<p>Before the coronavirus from China dominated international headlines, Verizon Communications (NYSE: VZ) represented a relatively simple long-term bull fall. When the telecommunications industry launched the next generation of 5G technology, the VZ share was positive. Not only does 5G offer much faster wireless speeds for the consumer market, it has major implications for tomorrow’s economy.
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MoneyWire’s Matt McCall has a much more bullish term: Roaring 2020s. Basically, 5G is the springboard for several other digitized platforms that will change the way we live and work. Thanks to the fast fire transmission speeds made possible by 5G, we can finally bring up concepts that were exclusively the science fiction field. We are talking about innovations such as fully automatic cars and smart networks and infrastructures.
The basis for this catalyst is companies such as Verizon and rival AT&T (NYSE: T). Although telecom giants have made smaller than ideal acquisitions in the past, their scale and reach are second to none. Therefore, many investors felt comfortable buying VZ shares in the long run.
As a shareholder in AT&T, this is the position I have for the telco stalwarts. Recently, the Chinese government stressed the importance of new investment in 5G and other next-generation platforms, whether – or perhaps more precisely, because of – coronavirus.
Despite our heated ties with China – it believes in a phase of the trade agreement – the world’s second largest economy is still controversial against our national security interests. Therefore, if China intends to increase its infrastructure, it only makes sense that we will do the same.
After all, President Donald Trump is about “America First.” Since he can not afford to let the Chinese regret him in 5G, this geopolitical reality bodes well for VZ shares.
Doubtful latency hangs over VZ bearings
Although the coronavirus outbreak is divisive, most analysts would probably agree that the pandemic will fade at some point. Therefore, with the long-term story for Verizon a sure, the current weakness of the VZ stock is a discount.
But then the question becomes, is this moment the discount or is another, more comprehensive one over the horizon? This is where the situation becomes difficult.
During a Morgan Stanley (NYSE: MS) investor event, Verizon’s vice president and chief financial officer Matt Ellis stated that the coronavirus impact on its operations at present is “not significant.” Later on the line – especially if the authorities fail to limit the outbreak – Ellis acknowledged the potential for disruption.
Of course, a disruption in the supply chain is one of the biggest problems for VZ shares in the coming months. Although the domestic 5G rollout is not directly exposed to China’s devastating epidemic, nothing is happening in the technology world in a vacuum. With so many telecom equipment components built in China, the rollout is facing a challenge.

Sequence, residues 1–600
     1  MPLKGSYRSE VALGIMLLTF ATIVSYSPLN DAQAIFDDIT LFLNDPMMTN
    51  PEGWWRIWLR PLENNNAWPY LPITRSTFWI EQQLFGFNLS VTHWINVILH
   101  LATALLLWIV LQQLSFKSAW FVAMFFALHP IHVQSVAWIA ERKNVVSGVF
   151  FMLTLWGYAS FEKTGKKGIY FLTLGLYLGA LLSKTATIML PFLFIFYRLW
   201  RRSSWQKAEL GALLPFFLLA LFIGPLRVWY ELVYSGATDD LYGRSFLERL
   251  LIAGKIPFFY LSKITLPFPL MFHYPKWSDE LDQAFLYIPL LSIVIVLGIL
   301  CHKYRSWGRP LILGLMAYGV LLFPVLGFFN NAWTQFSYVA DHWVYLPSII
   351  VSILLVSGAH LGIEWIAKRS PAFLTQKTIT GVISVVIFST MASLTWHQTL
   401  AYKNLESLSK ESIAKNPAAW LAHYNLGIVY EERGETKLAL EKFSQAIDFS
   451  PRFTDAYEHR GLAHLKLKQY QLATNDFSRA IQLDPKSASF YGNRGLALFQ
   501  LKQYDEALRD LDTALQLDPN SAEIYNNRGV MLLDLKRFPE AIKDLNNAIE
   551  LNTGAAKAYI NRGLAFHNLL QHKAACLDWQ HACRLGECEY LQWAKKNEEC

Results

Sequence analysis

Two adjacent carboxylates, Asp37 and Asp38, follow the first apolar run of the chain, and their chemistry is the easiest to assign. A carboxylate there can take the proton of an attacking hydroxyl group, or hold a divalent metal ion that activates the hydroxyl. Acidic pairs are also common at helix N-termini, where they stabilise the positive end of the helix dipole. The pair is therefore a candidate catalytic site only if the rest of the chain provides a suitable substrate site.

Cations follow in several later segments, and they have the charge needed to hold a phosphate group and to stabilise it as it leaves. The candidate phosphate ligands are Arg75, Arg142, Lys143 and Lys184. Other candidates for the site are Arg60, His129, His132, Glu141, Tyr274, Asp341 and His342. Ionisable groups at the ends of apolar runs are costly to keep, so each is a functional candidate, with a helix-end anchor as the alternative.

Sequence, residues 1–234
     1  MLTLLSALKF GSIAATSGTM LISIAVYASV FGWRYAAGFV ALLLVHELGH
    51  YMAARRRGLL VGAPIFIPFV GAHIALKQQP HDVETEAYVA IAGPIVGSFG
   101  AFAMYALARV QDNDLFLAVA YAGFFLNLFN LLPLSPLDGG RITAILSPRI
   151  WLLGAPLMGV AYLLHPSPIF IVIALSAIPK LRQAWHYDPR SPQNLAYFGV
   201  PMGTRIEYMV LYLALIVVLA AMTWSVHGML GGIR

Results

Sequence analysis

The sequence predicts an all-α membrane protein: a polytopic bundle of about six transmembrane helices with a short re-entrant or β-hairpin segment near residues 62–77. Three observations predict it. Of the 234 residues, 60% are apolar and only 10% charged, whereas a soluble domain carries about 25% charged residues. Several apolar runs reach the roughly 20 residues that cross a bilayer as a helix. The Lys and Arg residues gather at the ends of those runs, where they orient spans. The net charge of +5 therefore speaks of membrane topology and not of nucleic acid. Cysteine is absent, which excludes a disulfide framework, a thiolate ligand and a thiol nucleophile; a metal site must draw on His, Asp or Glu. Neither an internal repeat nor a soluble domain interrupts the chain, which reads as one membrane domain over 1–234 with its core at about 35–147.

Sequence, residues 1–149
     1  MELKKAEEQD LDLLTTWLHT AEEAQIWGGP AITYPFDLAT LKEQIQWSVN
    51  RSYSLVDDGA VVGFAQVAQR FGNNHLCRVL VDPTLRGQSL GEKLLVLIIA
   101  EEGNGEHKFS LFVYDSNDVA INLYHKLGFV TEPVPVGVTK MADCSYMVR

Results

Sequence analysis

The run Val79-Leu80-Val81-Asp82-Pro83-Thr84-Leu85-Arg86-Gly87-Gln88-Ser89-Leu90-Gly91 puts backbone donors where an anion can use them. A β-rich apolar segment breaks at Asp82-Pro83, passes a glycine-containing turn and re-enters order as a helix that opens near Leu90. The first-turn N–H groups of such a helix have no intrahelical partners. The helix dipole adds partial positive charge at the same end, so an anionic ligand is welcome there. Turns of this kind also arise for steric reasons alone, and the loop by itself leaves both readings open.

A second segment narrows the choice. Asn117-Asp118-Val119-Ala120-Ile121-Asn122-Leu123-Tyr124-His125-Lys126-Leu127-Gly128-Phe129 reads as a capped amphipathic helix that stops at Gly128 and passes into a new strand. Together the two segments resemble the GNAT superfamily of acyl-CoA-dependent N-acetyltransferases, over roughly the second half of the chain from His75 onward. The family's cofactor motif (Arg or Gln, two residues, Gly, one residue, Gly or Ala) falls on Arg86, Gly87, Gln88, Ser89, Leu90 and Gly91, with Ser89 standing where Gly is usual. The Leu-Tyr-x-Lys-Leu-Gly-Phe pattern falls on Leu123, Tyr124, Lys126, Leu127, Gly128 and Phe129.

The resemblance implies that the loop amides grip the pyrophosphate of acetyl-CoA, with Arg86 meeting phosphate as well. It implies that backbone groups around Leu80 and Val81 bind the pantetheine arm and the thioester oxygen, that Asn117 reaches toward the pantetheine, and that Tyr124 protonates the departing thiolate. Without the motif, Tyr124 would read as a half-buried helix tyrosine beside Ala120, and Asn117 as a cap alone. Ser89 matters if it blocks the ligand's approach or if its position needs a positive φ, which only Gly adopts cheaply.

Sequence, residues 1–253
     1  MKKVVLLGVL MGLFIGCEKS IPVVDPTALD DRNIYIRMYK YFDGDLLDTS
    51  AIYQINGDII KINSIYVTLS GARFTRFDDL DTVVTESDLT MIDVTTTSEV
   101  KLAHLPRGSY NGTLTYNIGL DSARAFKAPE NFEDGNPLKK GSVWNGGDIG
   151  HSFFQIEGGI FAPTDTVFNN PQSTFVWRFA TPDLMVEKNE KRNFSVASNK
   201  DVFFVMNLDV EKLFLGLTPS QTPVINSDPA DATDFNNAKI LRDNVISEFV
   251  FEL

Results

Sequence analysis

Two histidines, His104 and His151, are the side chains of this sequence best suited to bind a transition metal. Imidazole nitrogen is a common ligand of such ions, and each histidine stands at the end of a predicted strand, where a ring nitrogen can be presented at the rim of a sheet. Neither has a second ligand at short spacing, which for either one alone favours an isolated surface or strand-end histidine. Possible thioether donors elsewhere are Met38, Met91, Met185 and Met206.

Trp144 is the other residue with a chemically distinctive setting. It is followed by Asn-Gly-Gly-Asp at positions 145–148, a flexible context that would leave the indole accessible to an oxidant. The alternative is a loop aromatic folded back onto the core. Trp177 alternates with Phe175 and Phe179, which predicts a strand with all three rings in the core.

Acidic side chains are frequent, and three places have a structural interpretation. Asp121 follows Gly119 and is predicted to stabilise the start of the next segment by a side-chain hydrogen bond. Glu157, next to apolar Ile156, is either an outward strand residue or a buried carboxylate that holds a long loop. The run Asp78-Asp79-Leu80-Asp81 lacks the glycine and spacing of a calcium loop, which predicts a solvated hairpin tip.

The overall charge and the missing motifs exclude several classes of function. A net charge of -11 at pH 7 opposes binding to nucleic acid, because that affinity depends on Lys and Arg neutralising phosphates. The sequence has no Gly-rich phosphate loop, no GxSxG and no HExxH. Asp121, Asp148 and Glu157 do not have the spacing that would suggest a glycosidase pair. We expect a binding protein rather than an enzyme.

In addition, companies like Apple (NASDAQ: AAPL) know the pinch of coronavirus. At a time when several manufacturers expected to release their 5G-equipped smartphones and devices, the pandemic stopped these plans.
Again, this does not directly affect the VZ share, as the underlying company’s earnings usually come from monthly earnings. However, the advent of 5G-equipped smartphones would motivate Verizon’s investments in the next generation platform. As consumer sentiment is likely to suffer badly in the coming weeks, investors may wonder about Verizon’s immediate profitability.
Let’s face it: telecoms are not exactly sexy investments. On the other hand, 5G. Thus, we have a reverse Justin Timberlake situation here. Coronavirus takes sexy back.
Warning is the name of the game
While I like the telecom space, we have to respect the band. Like other blue chips, VZ shares are a clockwork investment. In my opinion, the probability of a downward movement is greater than the upward side.
Part of my argument is about exponential acceleration of coronavirus. We have already seen in other countries that only one transmission can quickly deteriorate to a raging fire. For example, Italy did not affect pandemic terror. A little over a week later, it is one of the most infected countries with over 4,600 cases and 197 deaths.
At home, President Trump once cautiously boasted at a news conference that the United States had no virus-related deaths. He also encouraged the American public to take into account that our country had only a handful of cases. At the time of writing, two people died of the virus in Florida, leading to the United States killing a total of 17 people.
With these facts in mind, I think the smart game is to wait. If you like long-term Verizon stock – and for what it’s worth, I do – you’ll probably get a better deal later.
Josh Enomoto, a former Sony Electronics Business Analyst, has helped broker large contracts with Fortune Global 500 companies. In recent years, he has delivered unique, critical insights for the investment markets, as well as for various other industries, including law, construction management and healthcare. At the time of writing, he owned shares in AT&T shares.